Kafe Knesset for June 16

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Against the backdrop of right wing discontent with the limitations placed upon settlement construction, the Jewish Home party is planning another move. This move could eventually turn into a trap for Netanyahu, and put him between his electoral base and the US administration. In two weeks’ time, Naftali Bennett intends to propose a new bill, which will require a special majority of 80 MKs in order to change or amend the Basic law of Jerusalem. This law was originally passed by the Knesset in 1980. The law provides that Jerusalem is the united capital of Israel and states that no portion of the city will be transferred to any foreign entity. The amendment, if passed, would make any possibility of dividing parts of the city and transferring them to Palestinian rule practically impossible, and could also terminate any possibility of holding a referendum on the matter.

The question of Jerusalem is a consensus amongst the coalition parties. Bennett believes that the coalition memebers, even the PM himself, will find it very hard to oppose the bill. Especially since Netanyahu is a signatory on an identical bill from 2007, which was initiated by Likud’s Gideon Saar but failed to advance under Ehud Olmert’s coalition. The Jewish Home party wisely copied Saar’s bill, which was also signed by President Rubi Rivlin, Knesset speaker Yuli Edelstein, and Finance Minister Moshe Kahlon, who were all at the time Likud opposition MKs. However, as the US administration is attempting to renew the Israeli-Palestinian peace process, the bill essentially aborts the ability to even discuss the status of Jerusalem with the Palestinians, and could prompt the Palestinians to strong reactions. A senior political source told Kafe Knesset that this bill could turn into “a big political hot potato,” as the US might pressure Netanyahu to lay off while his political base and party will be pushing in the opposite direction.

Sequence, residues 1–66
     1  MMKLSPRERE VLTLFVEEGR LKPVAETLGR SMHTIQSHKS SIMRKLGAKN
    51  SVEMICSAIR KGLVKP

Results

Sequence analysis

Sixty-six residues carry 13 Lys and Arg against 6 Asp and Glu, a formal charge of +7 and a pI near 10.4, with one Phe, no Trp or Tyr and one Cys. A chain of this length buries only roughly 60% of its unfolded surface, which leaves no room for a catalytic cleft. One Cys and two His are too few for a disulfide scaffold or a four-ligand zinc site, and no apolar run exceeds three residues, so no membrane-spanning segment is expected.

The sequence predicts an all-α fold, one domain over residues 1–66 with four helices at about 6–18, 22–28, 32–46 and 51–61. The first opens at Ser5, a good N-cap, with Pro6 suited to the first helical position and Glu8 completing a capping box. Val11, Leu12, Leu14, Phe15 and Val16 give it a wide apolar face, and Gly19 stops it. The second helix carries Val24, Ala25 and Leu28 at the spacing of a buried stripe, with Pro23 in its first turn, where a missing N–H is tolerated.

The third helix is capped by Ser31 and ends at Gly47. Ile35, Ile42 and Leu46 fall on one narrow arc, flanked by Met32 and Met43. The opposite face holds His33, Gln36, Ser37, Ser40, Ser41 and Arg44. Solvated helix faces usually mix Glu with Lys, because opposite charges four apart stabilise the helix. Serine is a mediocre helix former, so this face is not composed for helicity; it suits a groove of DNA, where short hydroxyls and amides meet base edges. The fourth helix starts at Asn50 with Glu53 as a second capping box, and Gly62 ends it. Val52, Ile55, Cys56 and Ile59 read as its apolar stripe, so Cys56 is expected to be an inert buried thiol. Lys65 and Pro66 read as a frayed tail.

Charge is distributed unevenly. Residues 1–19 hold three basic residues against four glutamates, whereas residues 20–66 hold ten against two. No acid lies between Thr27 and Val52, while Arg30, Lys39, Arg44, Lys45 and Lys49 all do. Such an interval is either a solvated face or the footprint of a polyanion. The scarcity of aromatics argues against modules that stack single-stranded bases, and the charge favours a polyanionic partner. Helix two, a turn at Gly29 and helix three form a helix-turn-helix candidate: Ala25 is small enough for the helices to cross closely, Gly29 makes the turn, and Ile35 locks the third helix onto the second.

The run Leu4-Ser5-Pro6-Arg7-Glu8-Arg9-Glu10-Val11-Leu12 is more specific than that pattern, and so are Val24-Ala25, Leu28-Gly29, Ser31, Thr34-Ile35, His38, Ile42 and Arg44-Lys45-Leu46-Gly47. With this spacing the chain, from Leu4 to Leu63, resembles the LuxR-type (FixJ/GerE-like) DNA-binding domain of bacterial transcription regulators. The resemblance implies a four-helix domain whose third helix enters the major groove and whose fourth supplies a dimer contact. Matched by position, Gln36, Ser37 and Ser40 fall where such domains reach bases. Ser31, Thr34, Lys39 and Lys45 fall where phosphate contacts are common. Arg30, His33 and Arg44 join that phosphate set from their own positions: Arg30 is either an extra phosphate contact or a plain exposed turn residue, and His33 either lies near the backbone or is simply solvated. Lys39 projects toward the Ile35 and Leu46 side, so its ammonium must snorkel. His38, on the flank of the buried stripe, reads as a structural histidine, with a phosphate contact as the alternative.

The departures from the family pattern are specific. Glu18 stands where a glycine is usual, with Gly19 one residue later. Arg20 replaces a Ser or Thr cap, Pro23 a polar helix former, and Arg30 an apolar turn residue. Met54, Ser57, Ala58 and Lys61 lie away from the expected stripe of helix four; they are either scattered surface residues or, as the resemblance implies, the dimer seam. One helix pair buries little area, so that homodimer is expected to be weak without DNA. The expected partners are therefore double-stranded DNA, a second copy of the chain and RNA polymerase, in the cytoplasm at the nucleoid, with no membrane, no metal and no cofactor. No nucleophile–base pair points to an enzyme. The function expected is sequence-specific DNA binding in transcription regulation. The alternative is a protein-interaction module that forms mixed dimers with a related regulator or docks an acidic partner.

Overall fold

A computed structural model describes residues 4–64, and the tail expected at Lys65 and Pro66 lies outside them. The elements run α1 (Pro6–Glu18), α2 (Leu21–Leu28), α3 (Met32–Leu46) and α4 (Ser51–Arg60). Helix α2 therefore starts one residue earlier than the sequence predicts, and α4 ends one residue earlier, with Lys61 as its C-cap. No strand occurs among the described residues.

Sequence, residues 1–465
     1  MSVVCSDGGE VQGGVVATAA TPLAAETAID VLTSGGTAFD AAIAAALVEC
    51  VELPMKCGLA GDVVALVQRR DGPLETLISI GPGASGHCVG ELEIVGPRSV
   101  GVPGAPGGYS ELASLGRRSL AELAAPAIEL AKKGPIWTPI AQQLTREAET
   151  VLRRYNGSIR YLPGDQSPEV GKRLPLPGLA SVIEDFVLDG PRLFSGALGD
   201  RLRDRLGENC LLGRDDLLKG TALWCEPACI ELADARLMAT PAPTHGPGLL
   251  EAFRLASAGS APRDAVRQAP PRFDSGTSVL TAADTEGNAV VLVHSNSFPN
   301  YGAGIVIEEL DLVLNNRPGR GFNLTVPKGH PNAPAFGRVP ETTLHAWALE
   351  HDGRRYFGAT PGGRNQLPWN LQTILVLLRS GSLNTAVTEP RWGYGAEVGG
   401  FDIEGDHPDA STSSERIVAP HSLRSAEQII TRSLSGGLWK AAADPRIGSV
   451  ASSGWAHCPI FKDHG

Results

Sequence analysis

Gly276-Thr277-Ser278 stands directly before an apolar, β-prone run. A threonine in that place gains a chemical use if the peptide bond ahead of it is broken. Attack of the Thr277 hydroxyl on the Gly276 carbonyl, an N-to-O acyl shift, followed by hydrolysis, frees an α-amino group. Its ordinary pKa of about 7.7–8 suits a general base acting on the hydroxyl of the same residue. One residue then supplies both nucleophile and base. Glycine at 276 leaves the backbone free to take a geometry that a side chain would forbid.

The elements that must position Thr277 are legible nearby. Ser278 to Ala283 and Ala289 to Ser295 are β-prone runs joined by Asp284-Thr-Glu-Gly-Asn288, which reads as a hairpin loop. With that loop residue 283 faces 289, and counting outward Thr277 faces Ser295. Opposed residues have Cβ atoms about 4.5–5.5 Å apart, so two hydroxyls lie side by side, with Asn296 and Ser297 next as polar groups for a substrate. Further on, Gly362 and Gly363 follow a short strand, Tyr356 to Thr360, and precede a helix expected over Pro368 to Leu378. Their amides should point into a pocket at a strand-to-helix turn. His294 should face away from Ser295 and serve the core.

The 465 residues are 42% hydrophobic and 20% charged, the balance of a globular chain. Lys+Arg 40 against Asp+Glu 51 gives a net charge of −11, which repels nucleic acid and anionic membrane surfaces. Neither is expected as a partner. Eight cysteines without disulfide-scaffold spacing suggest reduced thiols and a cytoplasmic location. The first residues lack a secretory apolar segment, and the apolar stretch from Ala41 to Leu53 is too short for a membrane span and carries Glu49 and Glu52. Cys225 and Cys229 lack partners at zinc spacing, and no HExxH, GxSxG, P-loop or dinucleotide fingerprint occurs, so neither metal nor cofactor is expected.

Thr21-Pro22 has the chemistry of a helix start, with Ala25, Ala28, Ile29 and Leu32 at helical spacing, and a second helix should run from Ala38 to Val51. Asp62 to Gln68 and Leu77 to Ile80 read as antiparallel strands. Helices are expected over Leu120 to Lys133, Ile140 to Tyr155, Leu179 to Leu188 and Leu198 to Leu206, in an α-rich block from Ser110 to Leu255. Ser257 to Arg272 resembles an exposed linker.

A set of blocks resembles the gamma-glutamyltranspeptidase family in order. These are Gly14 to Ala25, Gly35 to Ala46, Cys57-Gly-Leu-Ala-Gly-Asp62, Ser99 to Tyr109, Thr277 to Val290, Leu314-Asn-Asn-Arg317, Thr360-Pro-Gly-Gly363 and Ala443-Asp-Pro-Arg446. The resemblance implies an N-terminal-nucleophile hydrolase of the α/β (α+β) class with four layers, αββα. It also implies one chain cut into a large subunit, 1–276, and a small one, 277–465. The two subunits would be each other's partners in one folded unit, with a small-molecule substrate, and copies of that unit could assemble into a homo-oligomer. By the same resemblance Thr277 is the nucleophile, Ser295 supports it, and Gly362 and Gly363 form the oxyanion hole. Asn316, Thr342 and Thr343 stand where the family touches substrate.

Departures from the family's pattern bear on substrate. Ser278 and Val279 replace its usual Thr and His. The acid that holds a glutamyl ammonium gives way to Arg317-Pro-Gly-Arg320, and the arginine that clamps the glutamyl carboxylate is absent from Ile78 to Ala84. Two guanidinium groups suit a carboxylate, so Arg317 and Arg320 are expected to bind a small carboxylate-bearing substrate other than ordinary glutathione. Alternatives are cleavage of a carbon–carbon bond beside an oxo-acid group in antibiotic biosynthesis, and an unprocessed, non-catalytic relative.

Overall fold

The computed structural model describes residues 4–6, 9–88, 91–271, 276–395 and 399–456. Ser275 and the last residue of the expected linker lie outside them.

Bennett told Kafe Knesset today that this is a “strategic move” and that he intends to push the legislation in the current Knesset session. “The Trump era is an opportunity to fortify Jerusalem and to ensure that it is the heart of the Jewish people and, as such, is undividable. This bill is aimed at preventing any future situation in which a specific political constellation could lead to dividing Jerusalem. 50 years ago we united Jerusalem and today we need to promise that it will never be divided again.” On the other hand, he was attacked by leader of the opposition Isaac Herzog who said that “Bennett with his own hands is destroying the chances for peace and any process. He is not concerned about the fate of Jerusalem, but only wants destruct the prospect of a political settlement which would secure Israel as a Jewish and democratic state.”